Okinawa’s 1st MAW connects in Alaska
Marines from Okinawa-based 1st Marine Air Wing got connected quickly with other services participating in this year’s Northern Edge exercise in Alaska.
One of the first things the Marines did after arriving at Elmendorf Air Force Base last week was to take part in a communications exercise to enhance the wing’s connectivity in a joint services environment, according to a 1st MAW news release.
“We had to ensure we had good connectivity between our aircraft and the different control headquarters we have located in Alaska,” said Maj. Gerald Graham, operations officer for the wing’s operations center. The purpose of the center is to integrate command and control with the Air Force and Navy command-and-control systems.
Graham praised the Air Force personnel at Elmendorf for helping to get them off to a good start.
“The Alaska command has been very helpful,” he said. “They’ve been very proactive instead of reactive, taking care of problems before they exist.”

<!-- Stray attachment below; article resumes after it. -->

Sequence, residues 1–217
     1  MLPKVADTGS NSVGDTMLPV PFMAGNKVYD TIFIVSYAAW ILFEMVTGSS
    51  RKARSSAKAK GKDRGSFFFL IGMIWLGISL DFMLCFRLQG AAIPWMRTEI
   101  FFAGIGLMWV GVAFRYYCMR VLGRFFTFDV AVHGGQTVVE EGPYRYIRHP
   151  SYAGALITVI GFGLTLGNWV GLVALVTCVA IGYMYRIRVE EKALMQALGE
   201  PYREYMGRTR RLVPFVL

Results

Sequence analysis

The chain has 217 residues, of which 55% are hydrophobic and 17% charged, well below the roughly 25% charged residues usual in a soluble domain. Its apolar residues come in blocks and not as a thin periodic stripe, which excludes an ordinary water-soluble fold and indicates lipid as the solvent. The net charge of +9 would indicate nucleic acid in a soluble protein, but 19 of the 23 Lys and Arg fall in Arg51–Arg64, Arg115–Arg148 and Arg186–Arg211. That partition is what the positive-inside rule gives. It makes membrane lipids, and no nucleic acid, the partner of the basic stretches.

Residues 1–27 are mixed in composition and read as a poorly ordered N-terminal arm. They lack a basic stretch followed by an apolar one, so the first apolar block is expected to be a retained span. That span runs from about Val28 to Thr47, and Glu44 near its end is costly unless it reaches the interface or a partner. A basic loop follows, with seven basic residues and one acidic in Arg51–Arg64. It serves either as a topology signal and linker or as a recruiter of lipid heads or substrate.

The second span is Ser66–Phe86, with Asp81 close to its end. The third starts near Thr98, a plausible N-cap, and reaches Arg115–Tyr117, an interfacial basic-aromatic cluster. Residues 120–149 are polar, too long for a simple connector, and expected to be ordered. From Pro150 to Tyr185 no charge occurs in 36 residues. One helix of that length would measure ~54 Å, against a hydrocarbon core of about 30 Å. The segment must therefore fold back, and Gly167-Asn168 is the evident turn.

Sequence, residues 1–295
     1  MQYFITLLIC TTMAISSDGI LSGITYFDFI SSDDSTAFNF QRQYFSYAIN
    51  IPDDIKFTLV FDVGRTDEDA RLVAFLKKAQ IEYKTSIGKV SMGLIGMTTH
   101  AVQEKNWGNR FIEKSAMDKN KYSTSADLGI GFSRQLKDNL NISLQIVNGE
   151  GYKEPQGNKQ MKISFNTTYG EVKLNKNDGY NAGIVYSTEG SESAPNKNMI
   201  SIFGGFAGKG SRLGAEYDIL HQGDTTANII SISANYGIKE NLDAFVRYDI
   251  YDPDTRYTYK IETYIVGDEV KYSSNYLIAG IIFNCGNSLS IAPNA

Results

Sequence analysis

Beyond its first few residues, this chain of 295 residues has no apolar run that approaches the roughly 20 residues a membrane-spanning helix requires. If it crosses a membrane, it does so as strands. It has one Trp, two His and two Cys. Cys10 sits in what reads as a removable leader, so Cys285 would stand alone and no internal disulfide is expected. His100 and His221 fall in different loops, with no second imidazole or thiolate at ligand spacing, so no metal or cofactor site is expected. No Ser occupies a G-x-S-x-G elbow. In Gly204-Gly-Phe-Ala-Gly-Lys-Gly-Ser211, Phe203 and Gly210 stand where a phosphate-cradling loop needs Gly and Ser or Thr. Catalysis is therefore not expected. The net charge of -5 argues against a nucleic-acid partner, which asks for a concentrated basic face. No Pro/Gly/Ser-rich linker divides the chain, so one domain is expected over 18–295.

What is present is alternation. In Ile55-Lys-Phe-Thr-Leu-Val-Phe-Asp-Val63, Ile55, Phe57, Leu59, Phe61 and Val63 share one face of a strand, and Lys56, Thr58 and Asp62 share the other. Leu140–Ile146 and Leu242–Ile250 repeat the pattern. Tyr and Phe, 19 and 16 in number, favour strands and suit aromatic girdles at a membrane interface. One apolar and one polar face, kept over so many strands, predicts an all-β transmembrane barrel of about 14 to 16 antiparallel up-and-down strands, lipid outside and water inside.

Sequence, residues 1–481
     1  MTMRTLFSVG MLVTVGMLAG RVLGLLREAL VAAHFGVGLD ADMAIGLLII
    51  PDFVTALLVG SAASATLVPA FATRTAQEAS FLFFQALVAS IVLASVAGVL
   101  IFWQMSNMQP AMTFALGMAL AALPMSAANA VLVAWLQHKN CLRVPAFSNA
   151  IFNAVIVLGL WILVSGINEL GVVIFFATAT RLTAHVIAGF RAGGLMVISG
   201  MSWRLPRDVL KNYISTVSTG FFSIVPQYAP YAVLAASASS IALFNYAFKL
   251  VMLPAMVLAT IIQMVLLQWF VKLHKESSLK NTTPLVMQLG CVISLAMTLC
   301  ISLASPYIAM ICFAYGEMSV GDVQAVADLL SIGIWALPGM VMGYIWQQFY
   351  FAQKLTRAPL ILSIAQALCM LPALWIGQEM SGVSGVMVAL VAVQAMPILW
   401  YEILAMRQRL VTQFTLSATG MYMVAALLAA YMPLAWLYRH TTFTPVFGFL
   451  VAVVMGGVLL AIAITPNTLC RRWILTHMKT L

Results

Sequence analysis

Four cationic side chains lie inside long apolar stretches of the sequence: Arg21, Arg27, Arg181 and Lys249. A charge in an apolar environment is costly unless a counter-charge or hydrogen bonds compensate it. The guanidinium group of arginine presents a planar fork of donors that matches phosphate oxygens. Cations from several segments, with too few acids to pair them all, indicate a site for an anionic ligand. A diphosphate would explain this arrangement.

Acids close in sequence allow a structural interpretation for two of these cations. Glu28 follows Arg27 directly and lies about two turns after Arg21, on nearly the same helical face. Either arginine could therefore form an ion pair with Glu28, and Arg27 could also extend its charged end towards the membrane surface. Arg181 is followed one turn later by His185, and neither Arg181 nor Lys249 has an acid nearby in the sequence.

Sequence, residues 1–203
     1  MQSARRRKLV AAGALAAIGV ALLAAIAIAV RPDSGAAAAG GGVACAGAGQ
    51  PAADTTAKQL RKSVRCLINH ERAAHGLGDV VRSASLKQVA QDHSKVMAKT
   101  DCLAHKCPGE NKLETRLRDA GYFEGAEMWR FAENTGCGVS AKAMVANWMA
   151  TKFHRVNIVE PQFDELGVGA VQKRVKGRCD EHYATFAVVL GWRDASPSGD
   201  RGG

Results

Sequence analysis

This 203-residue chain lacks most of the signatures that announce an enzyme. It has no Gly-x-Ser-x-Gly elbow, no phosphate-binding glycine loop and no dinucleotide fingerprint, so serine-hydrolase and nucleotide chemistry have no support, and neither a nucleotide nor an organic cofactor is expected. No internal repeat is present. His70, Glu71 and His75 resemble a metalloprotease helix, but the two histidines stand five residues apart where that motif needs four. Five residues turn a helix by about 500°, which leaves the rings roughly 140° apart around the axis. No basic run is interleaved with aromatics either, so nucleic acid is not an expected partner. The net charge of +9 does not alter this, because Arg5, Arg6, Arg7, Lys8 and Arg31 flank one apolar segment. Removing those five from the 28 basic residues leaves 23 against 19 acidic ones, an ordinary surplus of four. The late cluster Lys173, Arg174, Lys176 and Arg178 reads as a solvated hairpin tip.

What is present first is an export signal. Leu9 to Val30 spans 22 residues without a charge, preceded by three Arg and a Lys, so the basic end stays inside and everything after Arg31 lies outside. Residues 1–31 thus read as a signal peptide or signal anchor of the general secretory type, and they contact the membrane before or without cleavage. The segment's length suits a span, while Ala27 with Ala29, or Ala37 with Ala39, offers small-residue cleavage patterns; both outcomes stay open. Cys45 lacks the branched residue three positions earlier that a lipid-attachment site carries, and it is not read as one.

About 9,000 men and women from all the services are participating in Northern Edge 2004, which continues through Wednesday. Graham said being a part of the exercise has helped him see the importance of joint operations and working with other air units.
About 600 Marines from the 1st MAW are taking part in the exercise. It is the first time a Marine air wing has been deployed to Alaska to take part in the annual exercise.
“We have Marines who are out in the ranges who are actually controlling aircraft from both the Navy and Air Force,” he said. “We are all integrated. When we have one aircraft go over our space, we have all services involved.”
For Lance Cpl. Melanie Foster, assigned to the 1st MAW’s Deep Air Coordination Center, working in the joint environment is nothing new. “We deploy month on and month off,” she said. “We’re always going to see how we work with the Army, the Air Force and the Navy. We deal with the Navy a lot, but this is the first time I’ve been on an Air Force base.”
The Deep Air Coordination Center plays a vital role in the success of the exercise, said Maj. Jonathan Sabado, the senior AIR director.
“In a battle space, we divide it into deep, close and rear areas,” Sabado said, according to reports from Northern Edge public affairs. “Our agency is primarily concerned with fighting the deep fight. It’s very rare that we will fight anywhere alone as a single service. It’s extremely important that we train in any environment with the other services and to hone our skills together.
“We don’t usually get to interact at this level with other services,” he said.